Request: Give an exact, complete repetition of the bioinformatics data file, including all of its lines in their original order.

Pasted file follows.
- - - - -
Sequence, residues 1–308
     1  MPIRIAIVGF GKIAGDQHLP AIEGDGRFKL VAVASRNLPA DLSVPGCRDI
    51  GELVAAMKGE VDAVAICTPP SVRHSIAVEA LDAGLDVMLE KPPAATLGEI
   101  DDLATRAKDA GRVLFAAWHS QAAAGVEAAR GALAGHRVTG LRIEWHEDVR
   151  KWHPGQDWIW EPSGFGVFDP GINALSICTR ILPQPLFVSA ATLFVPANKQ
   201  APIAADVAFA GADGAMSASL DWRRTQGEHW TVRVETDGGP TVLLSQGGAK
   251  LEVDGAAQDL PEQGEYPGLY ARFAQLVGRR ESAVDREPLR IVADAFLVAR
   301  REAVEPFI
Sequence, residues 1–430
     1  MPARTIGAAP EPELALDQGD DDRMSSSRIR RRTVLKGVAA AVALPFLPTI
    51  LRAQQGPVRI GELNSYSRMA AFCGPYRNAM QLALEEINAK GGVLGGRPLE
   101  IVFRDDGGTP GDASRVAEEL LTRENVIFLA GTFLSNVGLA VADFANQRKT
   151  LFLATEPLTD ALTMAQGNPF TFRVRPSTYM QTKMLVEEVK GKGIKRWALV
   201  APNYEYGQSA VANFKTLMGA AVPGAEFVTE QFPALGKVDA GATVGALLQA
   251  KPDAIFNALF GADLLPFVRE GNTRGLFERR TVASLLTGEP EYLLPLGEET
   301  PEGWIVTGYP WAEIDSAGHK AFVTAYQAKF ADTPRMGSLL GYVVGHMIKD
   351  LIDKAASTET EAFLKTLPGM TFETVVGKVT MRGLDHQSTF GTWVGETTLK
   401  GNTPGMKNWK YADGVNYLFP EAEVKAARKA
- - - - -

Sequence, residues 1–308
     1  MPIRIAIVGF GKIAGDQHLP AIEGDGRFKL VAVASRNLPA DLSVPGCRDI
    51  GELVAAMKGE VDAVAICTPP SVRHSIAVEA LDAGLDVMLE KPPAATLGEI
   101  DDLATRAKDA GRVLFAAWHS QAAAGVEAAR GALAGHRVTG LRIEWHEDVR
   151  KWHPGQDWIW EPSGFGVFDP GINALSICTR ILPQPLFVSA ATLFVPANKQ
   201  APIAADVAFA GADGAMSASL DWRRTQGEHW TVRVETDGGP TVLLSQGGAK
   251  LEVDGAAQDL PEQGEYPGLY ARFAQLVGRR ESAVDREPLR IVADAFLVAR
   301  REAVEPFI
Sequence, residues 1–430
     1  MPARTIGAAP EPELALDQGD DDRMSSSRIR RRTVLKGVAA AVALPFLPTI
    51  LRAQQGPVRI GELNSYSRMA AFCGPYRNAM QLALEEINAK GGVLGGRPLE
   101  IVFRDDGGTP GDASRVAEEL LTRENVIFLA GTFLSNVGLA VADFANQRKT
   151  LFLATEPLTD ALTMAQGNPF TFRVRPSTYM QTKMLVEEVK GKGIKRWALV
   201  APNYEYGQSA VANFKTLMGA AVPGAEFVTE QFPALGKVDA GATVGALLQA
   251  KPDAIFNALF GADLLPFVRE GNTRGLFERR TVASLLTGEP EYLLPLGEET
   301  PEGWIVTGYP WAEIDSAGHK AFVTAYQAKF ADTPRMGSLL GYVVGHMIKD
   351  LIDKAASTET EAFLKTLPGM TFETVVGKVT MRGLDHQSTF GTWVGETTLK
   401  GNTPGMKNWK YADGVNYLFP EAEVKAARKA